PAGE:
Digital waveguide techniques have been used to develop efficient physical models of musical instruments since the early 1990s [SmithSmith1987,Smith IIISmith III2003,Van Duyne and SmithVan Duyne and Smith1993a,Van Duyne and SmithVan Duyne and Smith1993b]. The digital waveguide model can be used to reduce the computational cost of physical models based on numerical integration of the wave equation by three orders of magnitude by simulating the traveling waves with digital delay lines.

The one-dimensional digital waveguide can be extended into a two-dimensional digital waveguide mesh [Van Duyne and SmithVan Duyne and Smith1993a,Van Duyne and SmithVan Duyne and Smith1993b]. The structure of the 2-D digital waveguide mesh can be viewed as a layer of parallel vertical waveguides superimposed on a layer of parallel horizontal waveguides intersecting each other at 4-port scattering junctions as shown in Figure 2.

In a lossless case, the scattering junction has two physical
constraints: 1) the velocities of all the strings at the junction must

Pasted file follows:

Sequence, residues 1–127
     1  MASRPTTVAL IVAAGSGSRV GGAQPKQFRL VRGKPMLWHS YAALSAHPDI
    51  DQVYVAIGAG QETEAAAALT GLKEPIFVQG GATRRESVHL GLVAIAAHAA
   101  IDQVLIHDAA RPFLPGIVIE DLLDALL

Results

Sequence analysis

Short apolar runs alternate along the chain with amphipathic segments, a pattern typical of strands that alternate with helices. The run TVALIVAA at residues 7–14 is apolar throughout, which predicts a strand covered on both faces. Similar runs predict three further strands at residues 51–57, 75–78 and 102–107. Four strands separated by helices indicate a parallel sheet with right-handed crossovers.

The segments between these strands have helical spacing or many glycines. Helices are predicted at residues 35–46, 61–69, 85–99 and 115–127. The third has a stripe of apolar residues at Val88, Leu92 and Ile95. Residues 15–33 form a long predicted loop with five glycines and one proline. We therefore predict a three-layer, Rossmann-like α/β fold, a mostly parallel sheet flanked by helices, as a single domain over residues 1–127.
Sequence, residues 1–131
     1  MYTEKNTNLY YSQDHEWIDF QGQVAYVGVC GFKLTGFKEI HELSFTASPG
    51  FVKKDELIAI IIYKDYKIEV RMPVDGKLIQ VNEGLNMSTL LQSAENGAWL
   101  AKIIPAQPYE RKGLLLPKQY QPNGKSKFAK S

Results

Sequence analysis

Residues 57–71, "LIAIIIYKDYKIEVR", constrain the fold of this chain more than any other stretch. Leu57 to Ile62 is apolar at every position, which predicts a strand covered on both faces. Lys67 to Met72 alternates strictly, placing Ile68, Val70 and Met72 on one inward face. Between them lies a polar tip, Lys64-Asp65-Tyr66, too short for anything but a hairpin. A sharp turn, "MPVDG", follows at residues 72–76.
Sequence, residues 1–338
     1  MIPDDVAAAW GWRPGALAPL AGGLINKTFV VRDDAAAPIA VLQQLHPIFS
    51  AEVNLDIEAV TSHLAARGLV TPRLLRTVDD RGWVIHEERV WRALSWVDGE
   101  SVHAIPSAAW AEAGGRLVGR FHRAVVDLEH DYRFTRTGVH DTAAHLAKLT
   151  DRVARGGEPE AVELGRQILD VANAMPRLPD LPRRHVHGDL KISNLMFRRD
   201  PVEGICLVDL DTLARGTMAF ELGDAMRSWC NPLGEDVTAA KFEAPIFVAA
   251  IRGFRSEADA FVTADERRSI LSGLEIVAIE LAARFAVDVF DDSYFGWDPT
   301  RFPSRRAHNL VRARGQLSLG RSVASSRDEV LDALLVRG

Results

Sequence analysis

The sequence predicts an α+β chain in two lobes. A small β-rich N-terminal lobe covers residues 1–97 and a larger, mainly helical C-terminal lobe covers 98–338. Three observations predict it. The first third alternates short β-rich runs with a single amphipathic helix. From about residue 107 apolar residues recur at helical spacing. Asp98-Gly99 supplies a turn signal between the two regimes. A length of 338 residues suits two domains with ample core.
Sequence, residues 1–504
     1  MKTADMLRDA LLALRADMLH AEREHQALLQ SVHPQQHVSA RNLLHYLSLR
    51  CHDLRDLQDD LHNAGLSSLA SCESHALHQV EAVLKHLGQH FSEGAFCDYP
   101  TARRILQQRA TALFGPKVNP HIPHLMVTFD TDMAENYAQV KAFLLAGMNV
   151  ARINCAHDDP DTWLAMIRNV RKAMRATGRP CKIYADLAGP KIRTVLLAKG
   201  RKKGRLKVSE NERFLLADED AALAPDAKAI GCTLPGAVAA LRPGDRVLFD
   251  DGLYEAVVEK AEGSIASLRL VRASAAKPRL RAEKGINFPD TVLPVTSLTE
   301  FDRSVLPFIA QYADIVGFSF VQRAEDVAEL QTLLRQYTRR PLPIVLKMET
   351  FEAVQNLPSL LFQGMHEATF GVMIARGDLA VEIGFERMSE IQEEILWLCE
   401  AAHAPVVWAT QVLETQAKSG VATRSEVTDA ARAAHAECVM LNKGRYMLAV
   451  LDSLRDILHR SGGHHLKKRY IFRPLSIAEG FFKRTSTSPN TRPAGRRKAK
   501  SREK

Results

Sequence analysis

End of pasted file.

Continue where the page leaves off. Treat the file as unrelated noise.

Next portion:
be equal, i.e.,

and 2) the forces exerted by all the strings must sum to zero, i.e.,

where is the number of strings.

Combining the two series junction constraints with the wave impedance
relations between force and velocity wave variables defined as and , and with the wave variable definitions,
, and
, we can derive the
lossless scattering equations for the junctions in which four strings
intersect,

where represents the junction velocity, and the 's and the 's are the incoming and the outgoing waves at the junction, respectively. Assuming an isotropic membrane, where , Equation 7 further simplifies to